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By several different measures (ILI distribution, lick rate within bursts and lick rate in short trials), D2 mice possessed a significantly faster lick rate than B6 mice. This effect was independent of sex. Importantly, the strain difference in lick rate was robust over a 4-day period, and therefore independent of prolonged water deprivation, or total licks (which increased in both strains across the 4-day period). B6 mice appeared to have at least a subtle increase in lick rate resulting from experience, with significantly shorter MPI values on day 2, or days 2–4 in the extended-testing group. No such modulation was observed in D2 mice, although D2 mice licked considerably faster overall. These results confirm and extend previously published reports of lick rates, or differences in lick rate, between these strains (Dotson & Spector 2005; Glendinning et al. 2002; Horowitz et al. 1977).
What is the basis of the lick-rate difference? We hypothesize that there is a difference in the organizational properties of the oromotor CPG, although the possibility certainly exists that other factors, such as anatomical differences, play a major role. Age-matched adult B6 mice have a larger overall mandible size than D2 mice, which could in theory correspond to slower jaw movements and lick rate (Carvalho & Gerstner 2004; Lovell et al. 1984). However, B6 × D2 F1 mice were found to possess a larger mandible size than either parent strain, despite possessing an intermediate lick rate (Horowitz et al. 1977; Lovell et al. 1984; unpublished data from our laboratory). We also measured tongue length, width and weight (anterior tongue portion) in 10 B6 and 10 D2 mice (both sexes) and did not find a significant correlation between any of these variables and MPI score. However, studies of skeletal muscle indicate that a subset of fast- and slow-twitch hind limb muscles are heavier in B6 than D2 mice (Lionikas et al. 2003, 2005). This is a polygenic trait, and the authors observed significant effects of sex. It is possible that one or more genes influencing the weight of specific muscles such as extrinsic tongue muscles, as opposed to the tongue itself, could contribute to strain differences in lick rate.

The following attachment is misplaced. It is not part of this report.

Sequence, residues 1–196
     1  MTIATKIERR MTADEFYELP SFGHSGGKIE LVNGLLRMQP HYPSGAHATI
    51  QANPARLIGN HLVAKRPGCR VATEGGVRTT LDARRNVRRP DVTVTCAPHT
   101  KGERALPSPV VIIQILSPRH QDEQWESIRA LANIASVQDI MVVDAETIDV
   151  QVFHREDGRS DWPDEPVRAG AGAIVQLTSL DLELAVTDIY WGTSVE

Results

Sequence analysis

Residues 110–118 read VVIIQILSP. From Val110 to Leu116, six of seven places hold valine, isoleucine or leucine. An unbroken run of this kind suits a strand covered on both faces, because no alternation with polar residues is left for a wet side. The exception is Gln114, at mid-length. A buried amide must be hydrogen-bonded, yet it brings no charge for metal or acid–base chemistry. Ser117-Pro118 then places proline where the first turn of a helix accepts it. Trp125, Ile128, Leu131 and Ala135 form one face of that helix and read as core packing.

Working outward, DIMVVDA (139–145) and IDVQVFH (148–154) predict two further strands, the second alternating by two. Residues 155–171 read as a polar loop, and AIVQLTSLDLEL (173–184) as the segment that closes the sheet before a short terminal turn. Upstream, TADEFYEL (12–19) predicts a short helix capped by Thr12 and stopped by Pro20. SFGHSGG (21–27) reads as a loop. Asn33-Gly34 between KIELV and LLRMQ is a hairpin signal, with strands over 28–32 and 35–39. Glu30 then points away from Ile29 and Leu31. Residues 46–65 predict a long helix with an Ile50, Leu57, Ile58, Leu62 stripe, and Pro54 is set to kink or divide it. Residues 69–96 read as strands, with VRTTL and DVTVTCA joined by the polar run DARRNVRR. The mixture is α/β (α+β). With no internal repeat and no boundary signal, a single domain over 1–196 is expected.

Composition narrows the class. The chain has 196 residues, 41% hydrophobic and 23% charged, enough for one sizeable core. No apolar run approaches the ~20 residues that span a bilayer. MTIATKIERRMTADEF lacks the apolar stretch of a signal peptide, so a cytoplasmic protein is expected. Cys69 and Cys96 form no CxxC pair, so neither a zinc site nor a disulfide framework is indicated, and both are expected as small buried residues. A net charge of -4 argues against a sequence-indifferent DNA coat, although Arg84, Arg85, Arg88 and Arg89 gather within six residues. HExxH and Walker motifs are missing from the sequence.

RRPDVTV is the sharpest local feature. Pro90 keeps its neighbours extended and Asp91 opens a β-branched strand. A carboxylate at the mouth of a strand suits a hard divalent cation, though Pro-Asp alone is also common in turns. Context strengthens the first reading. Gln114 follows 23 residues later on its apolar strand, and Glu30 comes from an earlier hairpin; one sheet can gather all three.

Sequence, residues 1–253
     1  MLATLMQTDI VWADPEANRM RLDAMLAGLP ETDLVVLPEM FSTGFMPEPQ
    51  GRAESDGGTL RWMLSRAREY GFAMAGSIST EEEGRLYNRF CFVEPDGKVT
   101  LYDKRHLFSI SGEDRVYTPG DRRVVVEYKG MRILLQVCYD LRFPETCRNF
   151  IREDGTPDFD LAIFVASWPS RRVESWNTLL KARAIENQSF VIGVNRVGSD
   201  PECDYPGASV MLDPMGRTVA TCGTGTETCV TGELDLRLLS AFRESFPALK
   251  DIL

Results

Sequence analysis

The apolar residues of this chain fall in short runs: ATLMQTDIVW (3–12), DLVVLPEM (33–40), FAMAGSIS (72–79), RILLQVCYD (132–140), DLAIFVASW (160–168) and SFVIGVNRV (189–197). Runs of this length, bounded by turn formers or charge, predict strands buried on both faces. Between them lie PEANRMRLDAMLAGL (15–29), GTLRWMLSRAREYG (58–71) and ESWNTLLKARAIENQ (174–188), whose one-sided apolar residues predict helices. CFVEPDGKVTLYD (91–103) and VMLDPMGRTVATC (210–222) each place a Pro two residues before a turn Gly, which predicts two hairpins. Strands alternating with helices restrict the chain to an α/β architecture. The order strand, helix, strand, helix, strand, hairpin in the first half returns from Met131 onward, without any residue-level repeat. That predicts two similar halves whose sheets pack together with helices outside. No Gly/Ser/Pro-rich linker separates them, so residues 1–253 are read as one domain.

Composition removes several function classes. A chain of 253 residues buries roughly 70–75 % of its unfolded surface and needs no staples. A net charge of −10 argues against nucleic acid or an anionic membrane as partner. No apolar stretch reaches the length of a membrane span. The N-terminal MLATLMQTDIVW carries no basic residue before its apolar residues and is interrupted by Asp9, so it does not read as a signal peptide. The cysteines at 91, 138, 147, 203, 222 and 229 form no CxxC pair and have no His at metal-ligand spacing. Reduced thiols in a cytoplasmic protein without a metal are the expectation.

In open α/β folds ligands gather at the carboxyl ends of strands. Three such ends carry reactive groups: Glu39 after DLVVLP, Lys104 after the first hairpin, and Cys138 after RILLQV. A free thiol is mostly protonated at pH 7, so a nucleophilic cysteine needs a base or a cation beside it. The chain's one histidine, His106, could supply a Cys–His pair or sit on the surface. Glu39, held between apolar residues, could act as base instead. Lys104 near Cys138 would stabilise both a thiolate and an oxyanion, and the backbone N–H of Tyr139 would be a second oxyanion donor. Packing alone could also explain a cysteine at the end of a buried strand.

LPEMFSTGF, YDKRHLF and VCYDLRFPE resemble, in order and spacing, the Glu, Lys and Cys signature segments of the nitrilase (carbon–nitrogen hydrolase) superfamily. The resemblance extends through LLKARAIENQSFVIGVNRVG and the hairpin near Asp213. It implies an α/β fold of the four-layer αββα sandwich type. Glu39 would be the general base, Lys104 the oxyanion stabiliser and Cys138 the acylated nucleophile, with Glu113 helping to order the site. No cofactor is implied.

An extremely important consideration attending all of these studies is the time frame of analysis used to evaluate ILIs. The current study shows that different analysis time frames (i.e. analyses of ILIs limited to different upper range cutoffs – 160, 500 or 1000 ms) can produce different, even opposing, conclusions about treatment/strain effects on the rate of licking. For example, as the time frame of analysis was expanded, the faster lick rate of D2 was progressively reduced until they were shown to lick slower than B6 mice when averaged over the entire test period. The aforementioned studies used different criteria for ILI analysis, calling into question whether the various conditions affected properties of the CPG controlling lick rate in the primary ILI distribution (those less than 160 ms), or ILIs of longer durations reflecting an influence on mechanisms that engage or disengage the CPG. Our findings indicate that the effects of deprivation or experience on lick rates reflecting CPG output are of considerably less influence than previously reported.